What is a corporation? An easy, but not very informative, answer is that it is a legal person. More substantive answers suggest it is a moral person, a person/thing, a production team, a nexus of private agreements, a city, a semi-sovereign, or a (secular) God. Despite the economic, political, and social importance of the corporate form, we do not have a generally accepted legal theory of what a corporation is, apart from the law’s questionable assertion that it is a “person.” In this Article, the author places the idea, and law, of the corporation in a comparative context ...


Corporate Power In The Public Eye: Reassessing The Implications Of Berle’S Public Consensus Theory, Marc T. Moore, Antoine Rebérioux Jan 2010

Corporate Power In The Public Eye: Reassessing The Implications Of Berle’S Public Consensus Theory, Marc T. Moore, Antoine Rebérioux

Seattle University Law Review

We analyze Berle’s overall corporate governance project in accordance with what we see as its four core sub-themes: (A) the limitations of external market forces as a constraint on managerial decision-making power; (B) the desirability of internal (corporate) over external (market) actors in allocating corporate capital; (C) civil society and the public consensus as a continuous informal check on managerial decision-making power; and (D) shareholder democracy (as opposed to shareholder primacy or shareholder wealth maximization) as a socially instrumental institution. We seek to debunk the popular misconception that Berle’s early work was a defense of the orthodox shareholder ...


The Birth Of Corporate Governance, Harwell Wells Jan 2010

The Birth Of Corporate Governance, Harwell Wells

Seattle University Law Review

Part I of this Article briefly examines the concept of “corporate governance” and argues for dating the concept’s origins to the debates of the 1920s. Part II then moves on to examine early scholarly and popular discussions of the separation of ownership and control. After surveying the historical developments that produced the recognizably modern corporate economy around the turn of the century, it examines early scholarly and popular discussions of the separation of ownership and control, focusing on three major thinkers, Louis D. Brandeis, Walter Lippmann, and Thorstein Veblen. It argues that, while each of these authors examined the ...


Securities Intermediaries And The Separation Of Ownership From Control, Jill E. Fisch Jan 2010

Securities Intermediaries And The Separation Of Ownership From Control, Jill E. Fisch

Seattle University Law Review

The Modern Corporation & Private Property is a paradigm-shifting analysis of the modern corporation. The book is perhaps best known for the insights of Berle and Means about the separation of ownership from control and the consequences of that separation for the allocation of power within the corporation. The Berle and Means story focuses on the shareholder as the owner of the corporation. Berle and Means saw the mechanism of centralized management—in which the shareholder retains the economic interest but not the control rights associated with ownership—as threatening the conception of shareholder interests in terms of property rights. In ...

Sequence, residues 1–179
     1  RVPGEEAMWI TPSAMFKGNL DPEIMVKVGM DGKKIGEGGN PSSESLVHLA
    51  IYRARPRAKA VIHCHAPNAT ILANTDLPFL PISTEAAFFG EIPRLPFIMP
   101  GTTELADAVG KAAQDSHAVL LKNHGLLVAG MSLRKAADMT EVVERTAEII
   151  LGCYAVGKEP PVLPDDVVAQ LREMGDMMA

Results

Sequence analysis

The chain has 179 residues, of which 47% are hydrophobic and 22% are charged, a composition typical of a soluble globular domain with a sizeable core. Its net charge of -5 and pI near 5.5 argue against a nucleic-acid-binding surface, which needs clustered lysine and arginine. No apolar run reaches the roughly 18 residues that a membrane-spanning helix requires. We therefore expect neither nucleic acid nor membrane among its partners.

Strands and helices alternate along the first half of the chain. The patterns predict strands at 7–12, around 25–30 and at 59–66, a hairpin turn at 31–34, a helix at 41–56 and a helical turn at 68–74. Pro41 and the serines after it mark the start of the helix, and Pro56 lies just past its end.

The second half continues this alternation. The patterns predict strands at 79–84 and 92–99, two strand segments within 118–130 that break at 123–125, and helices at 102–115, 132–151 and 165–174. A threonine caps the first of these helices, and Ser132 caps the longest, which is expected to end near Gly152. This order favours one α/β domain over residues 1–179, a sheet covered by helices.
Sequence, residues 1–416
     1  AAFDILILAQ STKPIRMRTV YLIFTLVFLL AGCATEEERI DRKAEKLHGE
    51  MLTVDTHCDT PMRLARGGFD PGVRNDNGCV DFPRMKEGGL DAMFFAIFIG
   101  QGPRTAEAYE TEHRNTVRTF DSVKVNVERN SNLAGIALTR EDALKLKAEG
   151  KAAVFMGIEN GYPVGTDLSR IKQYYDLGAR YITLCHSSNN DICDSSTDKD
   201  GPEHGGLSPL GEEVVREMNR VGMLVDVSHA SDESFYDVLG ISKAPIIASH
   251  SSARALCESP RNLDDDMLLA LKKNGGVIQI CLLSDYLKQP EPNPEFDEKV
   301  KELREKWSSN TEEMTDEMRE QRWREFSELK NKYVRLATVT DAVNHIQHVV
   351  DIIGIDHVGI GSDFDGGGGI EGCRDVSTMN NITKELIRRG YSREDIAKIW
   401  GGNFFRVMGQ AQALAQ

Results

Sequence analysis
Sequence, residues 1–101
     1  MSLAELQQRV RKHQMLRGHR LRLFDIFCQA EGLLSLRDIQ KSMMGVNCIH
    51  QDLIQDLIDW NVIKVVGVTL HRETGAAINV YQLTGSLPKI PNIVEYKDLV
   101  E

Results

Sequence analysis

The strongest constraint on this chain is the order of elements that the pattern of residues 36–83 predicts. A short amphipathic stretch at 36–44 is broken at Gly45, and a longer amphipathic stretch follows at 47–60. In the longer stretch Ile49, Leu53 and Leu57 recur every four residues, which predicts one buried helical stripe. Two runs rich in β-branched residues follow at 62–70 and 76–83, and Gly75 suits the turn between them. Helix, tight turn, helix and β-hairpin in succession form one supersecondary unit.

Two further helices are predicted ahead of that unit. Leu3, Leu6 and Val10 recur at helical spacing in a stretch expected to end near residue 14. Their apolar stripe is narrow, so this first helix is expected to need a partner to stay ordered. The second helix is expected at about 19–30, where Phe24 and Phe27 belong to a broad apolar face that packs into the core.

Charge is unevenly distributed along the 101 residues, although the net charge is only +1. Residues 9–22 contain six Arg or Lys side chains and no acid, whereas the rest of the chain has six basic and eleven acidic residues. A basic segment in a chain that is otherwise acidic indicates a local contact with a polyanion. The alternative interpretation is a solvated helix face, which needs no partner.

Foreword: In Berle’S Footsteps, Charles R.T. O'Kelley Jan 2010

Foreword: In Berle’S Footsteps, Charles R.T. O'Kelley

Seattle University Law Review

On the weekend of November 6–8, 2009, scholars from around the world gathered in Seattle for a symposium—In Berle’s Footsteps—celebrating the launch of the Adolf A. Berle, Jr. Center on Corporations, Law and Society. As founding director of the Berle Center, I described our undertaking: “It is with a profound sense of obligation to the legacy that has been entrusted to my care, that I announce the launching of the Adolf A. Berle, Jr. Center on Corporations, Law and Society. It is a privilege to follow in Berle’s footsteps.”


Monitoring To Reduce Agency Costs: Examining The Behavior Of Independent And Non-Independent Boards, Anita Anand, Frank Milne, Lynnette Purda Jan 2010

Monitoring To Reduce Agency Costs: Examining The Behavior Of Independent And Non-Independent Boards, Anita Anand, Frank Milne, Lynnette Purda

Seattle University Law Review

Berle and Means’s analysis of the corporation—in particular, their view that those in control are not the owners of the corporation—raises questions about actions that corporations take to counter concerns regarding management’s influence. What mechanisms, if any, do corporations implement to balance the distribution of power in the corporation? To address this question, we analyze boards of directors’ propensity to voluntarily adopt recommended corporate governance practices. Because board independence is one way to enhance shareholders’ ability to monitor management, we probe whether firms with independent boards of directors (which we define as boards with either an ...


See No Evil? Revisiting Early Visions Of The Social Responsibility Of Business: Adolf A. Berle’S Contribution To Contemporary Conversations, Erika George Jan 2010

See No Evil? Revisiting Early Visions Of The Social Responsibility Of Business: Adolf A. Berle’S Contribution To Contemporary Conversations, Erika George

Seattle University Law Review

Much corporate legal scholarship considers such fact patterns as beyond the scope of the discipline’s core concerns. Yet, increasingly, questions are asked concerning the scale and scope of modern corporate power. This Article will challenge the conventional understanding of what the core discipline of corporate law should encompass and argues that the failure to focus on precisely these sorts of factual scenarios involving allegations of corporate complicity in human rights violations and environmental degradation is misguided and short-sighted.


Then And Now: Professor Berle And The Unpredictable Shareholder, Jennifer G. Hill Jan 2010

Then And Now: Professor Berle And The Unpredictable Shareholder, Jennifer G. Hill

Seattle University Law Review

Shareholders, and the relationship between shareholders and management, lay at the heart of Professor Berle’s scholarship. The goal of this Article is to compare the image of shareholders emerging from The Modern Corporation and Private Property and the Berle/Dodd debate with a range of contemporary visions of the shareholder that underpin some international regulatory responses to recent financial debacles, from Enron to the current global financial crisis. As the Article dis- cusses, these recent developments in the era of financial crises have prompted a reevaluation of the traditional image of the shareholder—and the role of the shareholder ...